Basrah Gas Company (the legal entity through which the Basrah Gas Project is being implemented) is organised as a mixed limited liability company under the Iraqi Companies Law No. 21 of 1997. A mixed limited liability company is a unique type of entity under Iraqi law that allows both public and private sector entities to be shareholders. Although the provisions allowing for mixed limited liability companies have been part of Iraqi law for a number of years, Basrah Gas Company is the first mixed limited liability that has been formed.

The shareholders in Basrah Gas Company are South Gas Company (a state-owned entity under the direction of the Ministry of Oil), which holds 51 per cent of the equity interests, and subsidiaries of Shell and Mitsubishi, which own 44 per cent and 5 per cent respectively. Management of Basrah Gas Company is overseen by a higher management committee with members appointed by each of the shareholders. Under Iraqi law, limited liability companies do have boards of directors, but the shareholders in Basrah Gas Company were able to create a body with analogous powers through a contractual agreement as reflected in a shareholders' agreement. Management positions are filled with appointees from South Gas Company and Shell, with an intention that as time goes on expatriate managers will gradually be phased out in favour of Iraqi nationals.

Following formation of Basrah Gas Company, and immediately prior to its commencement of operations, South Gas Company contributed existing gas processing and transportation infrastructure to Basrah Gas Company at an agreed valuation (as determined by an independent appraiser). The contribution of assets excluded rights to the underlying real estate, which was instead leased to Basrah Gas Company under a long-term agreement.

The contribution of assets was deemed to constitute a shareholder loan from South Gas Company to Basrah Gas Company in an amount equal to the appraised value of the assets. Going forward, Shell and Mitsubishi will be obligated to make capital contributions (in the form of shareholder loans) to Basrah Gas Company until their combined contributions are equivalent in value to the assets contributed by South Gas Company. After that point, all shareholders will contribute capital sufficient to fund Basrah Gas Company's capital expenditure programme on a pro rata basis in accordance with their shareholding percentages. All capital contributions will be in accordance with a work programme and budget that will be jointly developed and agreed by the shareholders in the manner contemplated by the Basrah Gas Company shareholders' agreement.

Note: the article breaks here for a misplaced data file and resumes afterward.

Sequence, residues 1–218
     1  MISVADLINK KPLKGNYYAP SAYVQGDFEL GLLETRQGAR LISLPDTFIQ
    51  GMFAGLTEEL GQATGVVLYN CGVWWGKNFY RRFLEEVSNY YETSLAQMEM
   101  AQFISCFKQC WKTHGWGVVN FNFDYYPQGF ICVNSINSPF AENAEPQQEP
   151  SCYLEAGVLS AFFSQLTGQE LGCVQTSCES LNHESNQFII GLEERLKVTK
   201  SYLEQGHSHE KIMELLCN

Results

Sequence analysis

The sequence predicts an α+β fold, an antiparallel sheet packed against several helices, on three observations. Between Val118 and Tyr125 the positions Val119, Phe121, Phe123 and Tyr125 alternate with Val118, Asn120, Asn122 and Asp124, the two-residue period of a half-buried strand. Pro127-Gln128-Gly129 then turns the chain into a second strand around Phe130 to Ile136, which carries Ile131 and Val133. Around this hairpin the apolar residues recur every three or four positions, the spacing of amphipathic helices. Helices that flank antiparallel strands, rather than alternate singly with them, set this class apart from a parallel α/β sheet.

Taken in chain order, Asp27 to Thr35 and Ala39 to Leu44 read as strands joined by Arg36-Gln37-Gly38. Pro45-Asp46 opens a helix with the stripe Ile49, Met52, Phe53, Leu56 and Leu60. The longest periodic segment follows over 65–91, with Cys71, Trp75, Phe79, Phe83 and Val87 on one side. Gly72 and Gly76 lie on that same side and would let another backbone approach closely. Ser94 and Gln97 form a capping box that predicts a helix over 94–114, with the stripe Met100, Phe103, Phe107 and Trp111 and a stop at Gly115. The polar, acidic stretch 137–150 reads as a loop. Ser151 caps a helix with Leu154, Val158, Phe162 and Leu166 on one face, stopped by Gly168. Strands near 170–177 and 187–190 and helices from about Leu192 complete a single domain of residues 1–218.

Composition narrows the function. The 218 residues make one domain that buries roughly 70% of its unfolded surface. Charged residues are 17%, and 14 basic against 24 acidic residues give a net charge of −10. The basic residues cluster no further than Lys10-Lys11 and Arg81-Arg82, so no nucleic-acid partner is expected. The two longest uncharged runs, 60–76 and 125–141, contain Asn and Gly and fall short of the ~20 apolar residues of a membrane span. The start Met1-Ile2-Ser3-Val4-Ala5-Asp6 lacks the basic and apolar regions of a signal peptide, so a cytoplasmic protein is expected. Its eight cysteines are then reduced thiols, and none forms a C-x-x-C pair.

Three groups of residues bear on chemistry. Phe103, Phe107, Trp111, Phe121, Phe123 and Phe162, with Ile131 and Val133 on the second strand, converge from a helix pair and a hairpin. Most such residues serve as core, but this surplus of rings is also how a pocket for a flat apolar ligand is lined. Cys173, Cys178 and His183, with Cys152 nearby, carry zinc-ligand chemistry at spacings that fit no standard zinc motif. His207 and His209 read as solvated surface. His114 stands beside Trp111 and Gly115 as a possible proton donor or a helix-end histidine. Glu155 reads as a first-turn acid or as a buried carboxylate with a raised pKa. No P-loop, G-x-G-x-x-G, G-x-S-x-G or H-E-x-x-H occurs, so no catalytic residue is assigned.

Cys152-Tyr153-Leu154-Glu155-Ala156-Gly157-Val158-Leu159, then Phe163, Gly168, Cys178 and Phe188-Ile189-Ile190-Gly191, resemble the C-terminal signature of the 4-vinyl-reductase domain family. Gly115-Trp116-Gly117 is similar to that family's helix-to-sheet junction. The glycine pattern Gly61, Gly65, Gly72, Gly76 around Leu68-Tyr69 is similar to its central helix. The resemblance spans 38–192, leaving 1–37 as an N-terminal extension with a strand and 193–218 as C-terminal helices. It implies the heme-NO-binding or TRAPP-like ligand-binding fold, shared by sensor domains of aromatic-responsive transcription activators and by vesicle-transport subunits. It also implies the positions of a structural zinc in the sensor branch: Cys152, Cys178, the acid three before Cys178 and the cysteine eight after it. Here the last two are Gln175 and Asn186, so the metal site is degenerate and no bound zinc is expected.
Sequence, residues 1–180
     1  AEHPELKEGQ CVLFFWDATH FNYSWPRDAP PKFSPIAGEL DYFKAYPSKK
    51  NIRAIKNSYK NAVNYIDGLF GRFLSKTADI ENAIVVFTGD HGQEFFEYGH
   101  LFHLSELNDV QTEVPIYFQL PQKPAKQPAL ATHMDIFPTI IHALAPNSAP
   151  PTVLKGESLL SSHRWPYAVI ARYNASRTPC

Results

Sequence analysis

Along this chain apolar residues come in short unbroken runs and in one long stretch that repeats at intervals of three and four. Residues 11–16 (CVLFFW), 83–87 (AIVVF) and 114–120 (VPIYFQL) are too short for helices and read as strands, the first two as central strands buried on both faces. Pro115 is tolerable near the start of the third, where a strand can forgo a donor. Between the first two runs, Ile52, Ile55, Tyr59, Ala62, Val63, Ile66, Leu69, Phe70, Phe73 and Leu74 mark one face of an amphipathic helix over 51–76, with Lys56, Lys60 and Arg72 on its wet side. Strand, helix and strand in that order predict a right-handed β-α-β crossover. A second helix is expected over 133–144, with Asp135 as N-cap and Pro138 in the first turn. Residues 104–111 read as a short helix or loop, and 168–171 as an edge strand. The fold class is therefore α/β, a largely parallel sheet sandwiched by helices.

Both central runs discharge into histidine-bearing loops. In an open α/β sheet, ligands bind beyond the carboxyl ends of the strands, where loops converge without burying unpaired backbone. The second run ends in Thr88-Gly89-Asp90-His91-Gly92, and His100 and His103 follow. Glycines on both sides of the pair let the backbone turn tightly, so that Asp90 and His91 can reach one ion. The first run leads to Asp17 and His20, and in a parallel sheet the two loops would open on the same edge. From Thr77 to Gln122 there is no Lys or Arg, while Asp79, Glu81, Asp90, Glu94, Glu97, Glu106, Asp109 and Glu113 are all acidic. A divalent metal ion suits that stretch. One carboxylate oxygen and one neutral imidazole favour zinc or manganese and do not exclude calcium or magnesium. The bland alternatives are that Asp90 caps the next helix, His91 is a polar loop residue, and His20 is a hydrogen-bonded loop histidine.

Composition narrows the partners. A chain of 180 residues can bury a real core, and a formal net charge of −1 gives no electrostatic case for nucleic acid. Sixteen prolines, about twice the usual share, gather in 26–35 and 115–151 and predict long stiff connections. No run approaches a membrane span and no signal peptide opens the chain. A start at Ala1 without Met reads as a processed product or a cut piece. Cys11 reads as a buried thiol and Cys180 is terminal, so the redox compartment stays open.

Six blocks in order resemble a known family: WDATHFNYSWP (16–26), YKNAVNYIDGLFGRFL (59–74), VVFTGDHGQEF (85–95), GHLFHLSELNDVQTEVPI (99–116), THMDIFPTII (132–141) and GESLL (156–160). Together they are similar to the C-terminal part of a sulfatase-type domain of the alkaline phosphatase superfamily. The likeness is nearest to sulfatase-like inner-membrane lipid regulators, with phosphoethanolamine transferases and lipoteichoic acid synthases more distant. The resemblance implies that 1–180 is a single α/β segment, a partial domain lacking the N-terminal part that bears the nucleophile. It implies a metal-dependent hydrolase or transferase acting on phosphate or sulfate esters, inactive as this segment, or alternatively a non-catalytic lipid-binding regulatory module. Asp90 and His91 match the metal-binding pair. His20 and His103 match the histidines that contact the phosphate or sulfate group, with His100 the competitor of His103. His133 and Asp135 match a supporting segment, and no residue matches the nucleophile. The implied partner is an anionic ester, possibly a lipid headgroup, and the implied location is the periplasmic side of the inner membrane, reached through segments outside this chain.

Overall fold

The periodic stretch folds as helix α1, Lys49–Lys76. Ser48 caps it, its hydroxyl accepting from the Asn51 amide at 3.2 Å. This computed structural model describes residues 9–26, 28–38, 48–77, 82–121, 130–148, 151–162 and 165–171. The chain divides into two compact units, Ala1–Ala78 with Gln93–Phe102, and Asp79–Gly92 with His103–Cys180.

Commercial structure

Under the TSCs for the Rumaila, Zubair and West Qurna (Phase I) fields, the operators are required to deliver all associated gas that is not used for petroleum operations to South Oil Company, a state-owned entity under the direction of the Ministry of Oil. South Oil Company will transfer the associated gas to South Gas Company, which will in turn sell the gas to Basrah Gas Company under a long-term raw gas supply agreement. Basrah Gas Company will then process the gas and sell the resulting dry (processed) gas, LPG and condensate back to South Gas Company, which will then on-sell the products in the domestic market. Once LPG production in Iraq is sufficient to satisfy domestic demand, Basrah Gas Company will also be able to sell excess LPG for export. As the Oil Marketing Company of the Republic of Iraq (SOMO) has the exclusive legal right to export petroleum products from Iraq, Basrah Gas Company and SOMO have entered into an export agency agreement under which SOMO will act as Basrah Gas Company's export agent. The agreement also provides to the establishment of a joint marketing committee between Basrah Gas Company and SOMO to determine marketing strategy and act, in effect, as Basrah Gas Company's export marketing department.

Once gas production in Iraq is sufficient to satisfy domestic demand, Basrah Gas Company will also have the right (subject to certain conditions) to develop the first project to export LNG from Iraq. As with LPG, the LNG will be sold through an export agency arrangement with SOMO, and Shell has the right to purchase all of the LNG produced by the project's first LNG train.


As a first-of-its-kind project, the Basrah Gas Project faced a number of challenges. Although the mixed limited liability format is recognised under Iraqi law, such a company had never been formed before. The transfer of state-owned assets into a company with private sector ownership also presented new issues, as did the lease of state-owned real estate and the capitalisation of Basrah Gas Company via shareholder loans. In fact, the list of 'firsts' that the project presented from an Iraqi perspective is so extensive that it would be beyond the scope of this chapter to discuss them all. But through patience, persistence and cooperation, the participants in the project were able to work through the myriad issues and develop a legal and commercial framework that should form the basis for lasting success. Importantly, the Basrah Gas Project should also serve as a template for other projects involving Iraq, particularly those that are contemplated to be structured as partnerships between state-owned entities and foreign investment and those that contemplate the refurbishment and expansion of state-owned assets.


1 Christopher B Strong is a partner at Vinson & Elkins LLP. The information in this chapter was accurate as at November 2017.